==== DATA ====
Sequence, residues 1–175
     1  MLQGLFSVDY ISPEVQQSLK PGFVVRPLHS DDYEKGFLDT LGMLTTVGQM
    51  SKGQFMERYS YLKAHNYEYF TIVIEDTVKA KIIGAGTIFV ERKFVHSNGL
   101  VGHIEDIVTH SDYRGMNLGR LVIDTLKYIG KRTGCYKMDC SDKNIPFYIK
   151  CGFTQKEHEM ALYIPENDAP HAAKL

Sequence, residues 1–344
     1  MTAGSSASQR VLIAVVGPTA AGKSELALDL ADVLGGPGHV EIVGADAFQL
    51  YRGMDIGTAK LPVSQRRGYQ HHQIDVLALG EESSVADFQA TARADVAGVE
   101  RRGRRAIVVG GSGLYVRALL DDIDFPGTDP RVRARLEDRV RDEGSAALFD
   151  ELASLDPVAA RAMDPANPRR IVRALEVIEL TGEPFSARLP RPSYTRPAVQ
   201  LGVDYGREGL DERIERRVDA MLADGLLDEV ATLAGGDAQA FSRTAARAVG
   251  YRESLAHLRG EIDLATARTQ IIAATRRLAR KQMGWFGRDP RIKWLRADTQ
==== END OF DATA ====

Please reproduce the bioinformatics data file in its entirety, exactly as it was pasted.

Sequence, residues 1–175
     1  MLQGLFSVDY ISPEVQQSLK PGFVVRPLHS DDYEKGFLDT LGMLTTVGQM
    51  SKGQFMERYS YLKAHNYEYF TIVIEDTVKA KIIGAGTIFV ERKFVHSNGL
   101  VGHIEDIVTH SDYRGMNLGR LVIDTLKYIG KRTGCYKMDC SDKNIPFYIK
   151  CGFTQKEHEM ALYIPENDAP HAAKL

Sequence, residues 1–344
     1  MTAGSSASQR VLIAVVGPTA AGKSELALDL ADVLGGPGHV EIVGADAFQL
    51  YRGMDIGTAK LPVSQRRGYQ HHQIDVLALG EESSVADFQA TARADVAGVE
   101  RRGRRAIVVG GSGLYVRALL DDIDFPGTDP RVRARLEDRV RDEGSAALFD
   151  ELASLDPVAA RAMDPANPRR IVRALEVIEL TGEPFSARLP RPSYTRPAVQ
   201  LGVDYGREGL DERIERRVDA MLADGLLDEV ATLAGGDAQA FSRTAARAVG
   251  YRESLAHLRG EIDLATARTQ IIAATRRLAR KQMGWFGRDP RIKWLRADTQ